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Spring Cleaning: You've Got a Latte to Improve on

Tips on greening your java and consuming more conscientiously.

This challenge is in partnership with Levi's ®

Caffeine is a fix that Americans show no sign of foregoing. The United States consumes one-fifth of the world’s coffee. To make a single cup of coffee, the process of farming and production requires the use of about 55 gallons of water. And due to climate change, we’re seeing a reduction incoffee yield for even higher prices. Before you guzzle your next latte, read our tips on greening your java and consuming more conscientiously.

Home is where the joe is. Basic math: If you buy just two cups of coffee per week at around $3.00 a pop, you’re spending more than $300 a year on your buzz. Buy beans instead. Use a French press. Or buy a reuseable coffee filter for your coffee machine or your pour-over. You save paper and money. Plus, who needs a milk steamer?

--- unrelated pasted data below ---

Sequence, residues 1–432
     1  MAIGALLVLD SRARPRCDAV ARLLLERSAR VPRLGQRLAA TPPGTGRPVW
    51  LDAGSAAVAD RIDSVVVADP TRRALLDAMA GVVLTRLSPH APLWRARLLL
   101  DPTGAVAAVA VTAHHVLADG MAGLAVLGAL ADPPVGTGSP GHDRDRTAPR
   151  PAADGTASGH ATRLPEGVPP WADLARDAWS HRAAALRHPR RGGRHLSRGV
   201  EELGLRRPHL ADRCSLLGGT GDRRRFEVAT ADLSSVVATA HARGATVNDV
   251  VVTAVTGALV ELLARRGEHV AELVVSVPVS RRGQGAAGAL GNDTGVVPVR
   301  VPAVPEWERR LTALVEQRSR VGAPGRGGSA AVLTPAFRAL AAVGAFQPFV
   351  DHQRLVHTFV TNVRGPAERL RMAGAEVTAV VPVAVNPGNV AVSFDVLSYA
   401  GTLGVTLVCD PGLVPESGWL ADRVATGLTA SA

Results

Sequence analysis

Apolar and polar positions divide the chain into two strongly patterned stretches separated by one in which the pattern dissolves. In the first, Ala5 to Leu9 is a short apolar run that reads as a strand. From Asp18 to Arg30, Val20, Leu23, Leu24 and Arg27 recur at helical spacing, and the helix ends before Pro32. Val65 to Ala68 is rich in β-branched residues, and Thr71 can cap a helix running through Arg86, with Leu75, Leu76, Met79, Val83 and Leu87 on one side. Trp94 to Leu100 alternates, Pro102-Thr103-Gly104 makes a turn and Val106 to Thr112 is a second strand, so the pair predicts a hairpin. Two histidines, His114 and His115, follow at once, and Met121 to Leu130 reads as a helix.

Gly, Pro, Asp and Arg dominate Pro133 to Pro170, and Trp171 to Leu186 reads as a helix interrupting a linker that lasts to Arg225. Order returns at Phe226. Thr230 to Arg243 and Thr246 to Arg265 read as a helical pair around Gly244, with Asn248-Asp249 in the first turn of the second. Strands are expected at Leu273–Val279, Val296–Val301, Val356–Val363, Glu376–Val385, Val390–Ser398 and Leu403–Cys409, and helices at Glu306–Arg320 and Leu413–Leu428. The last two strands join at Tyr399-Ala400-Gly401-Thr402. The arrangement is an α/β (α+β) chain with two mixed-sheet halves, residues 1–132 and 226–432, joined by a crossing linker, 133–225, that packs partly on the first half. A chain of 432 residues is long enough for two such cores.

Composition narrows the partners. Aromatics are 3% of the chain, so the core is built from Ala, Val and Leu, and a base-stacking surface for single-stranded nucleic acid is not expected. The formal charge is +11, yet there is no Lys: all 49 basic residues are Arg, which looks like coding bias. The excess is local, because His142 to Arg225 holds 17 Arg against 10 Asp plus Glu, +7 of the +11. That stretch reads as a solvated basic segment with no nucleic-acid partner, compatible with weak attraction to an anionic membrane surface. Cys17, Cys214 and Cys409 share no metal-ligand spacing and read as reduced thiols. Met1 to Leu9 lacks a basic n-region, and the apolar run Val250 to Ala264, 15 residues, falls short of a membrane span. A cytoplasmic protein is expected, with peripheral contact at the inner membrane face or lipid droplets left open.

No more paper cups. If you’re not just addicted to the drink but to the coffee shop experience, bring your own mug. Some shops will even cut you a small discount. Get a cheeky paper cup look-a-like if you’re attached to your to-go aesthetic.

Buy organic and fair trade. Organic means your cup will be free of additives, pesticides, and genetically engineered crop. Fair Trade supports farmers and guarantees fair wages.

Buy shade-grown coffee. Coffee beans naturally grow best shrouded in shade, but over the years, leafy forests have been chopped down, coffee bushes crowded together and doused with chemicals to make them grow faster, and ecosystems forever altered. Look for beans that are Rainforest Alliance Certified, and learn more on the certification process at the Sustainable Agriculture Network. Follow GOOD’s guide to eco-friendly coffee labels.

Good even after the last drop. Coffee grounds are a great addition to compost piles!

Photo via (cc) Flickr user libraryman.

To learn more about how you can save water every day, click here and take the Water<Less Challenge.

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